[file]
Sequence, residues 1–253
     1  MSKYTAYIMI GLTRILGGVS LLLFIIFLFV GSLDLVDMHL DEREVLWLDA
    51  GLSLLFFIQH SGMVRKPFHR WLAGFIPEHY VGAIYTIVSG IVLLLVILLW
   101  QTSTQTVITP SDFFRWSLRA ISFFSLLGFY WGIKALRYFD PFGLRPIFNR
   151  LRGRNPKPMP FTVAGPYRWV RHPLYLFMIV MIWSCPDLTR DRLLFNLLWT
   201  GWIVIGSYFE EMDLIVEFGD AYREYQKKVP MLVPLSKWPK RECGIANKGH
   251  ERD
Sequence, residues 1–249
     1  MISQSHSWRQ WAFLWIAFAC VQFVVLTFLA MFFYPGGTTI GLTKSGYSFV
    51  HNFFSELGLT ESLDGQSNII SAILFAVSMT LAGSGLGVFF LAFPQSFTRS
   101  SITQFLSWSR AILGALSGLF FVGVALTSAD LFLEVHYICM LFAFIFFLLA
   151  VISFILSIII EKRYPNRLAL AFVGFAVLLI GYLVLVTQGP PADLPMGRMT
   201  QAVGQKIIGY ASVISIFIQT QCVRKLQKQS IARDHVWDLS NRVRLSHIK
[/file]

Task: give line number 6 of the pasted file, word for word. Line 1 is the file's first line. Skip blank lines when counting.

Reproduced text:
   201  GWIVIGSYFE EMDLIVEFGD AYREYQKKVP MLVPLSKWPK RECGIANKGH